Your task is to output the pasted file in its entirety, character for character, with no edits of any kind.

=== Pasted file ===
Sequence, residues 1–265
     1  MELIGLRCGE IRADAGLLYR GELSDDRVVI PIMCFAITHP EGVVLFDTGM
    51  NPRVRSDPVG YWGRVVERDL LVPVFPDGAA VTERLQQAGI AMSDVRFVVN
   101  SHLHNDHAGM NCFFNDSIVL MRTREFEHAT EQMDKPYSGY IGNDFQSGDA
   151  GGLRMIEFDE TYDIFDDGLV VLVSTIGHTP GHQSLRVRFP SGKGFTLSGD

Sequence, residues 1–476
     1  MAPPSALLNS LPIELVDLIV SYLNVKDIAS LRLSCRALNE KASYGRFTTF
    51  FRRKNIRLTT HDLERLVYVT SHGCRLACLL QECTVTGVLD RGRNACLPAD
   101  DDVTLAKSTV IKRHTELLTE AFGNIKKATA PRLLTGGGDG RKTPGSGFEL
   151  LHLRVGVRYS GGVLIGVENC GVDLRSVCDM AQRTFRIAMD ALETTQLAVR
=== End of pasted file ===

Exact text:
Sequence, residues 1–265
     1  MELIGLRCGE IRADAGLLYR GELSDDRVVI PIMCFAITHP EGVVLFDTGM
    51  NPRVRSDPVG YWGRVVERDL LVPVFPDGAA VTERLQQAGI AMSDVRFVVN
   101  SHLHNDHAGM NCFFNDSIVL MRTREFEHAT EQMDKPYSGY IGNDFQSGDA
   151  GGLRMIEFDE TYDIFDDGLV VLVSTIGHTP GHQSLRVRFP SGKGFTLSGD

Sequence, residues 1–476
     1  MAPPSALLNS LPIELVDLIV SYLNVKDIAS LRLSCRALNE KASYGRFTTF
    51  FRRKNIRLTT HDLERLVYVT SHGCRLACLL QECTVTGVLD RGRNACLPAD
   101  DDVTLAKSTV IKRHTELLTE AFGNIKKATA PRLLTGGGDG RKTPGSGFEL
   151  LHLRVGVRYS GGVLIGVENC GVDLRSVCDM AQRTFRIAMD ALETTQLAVR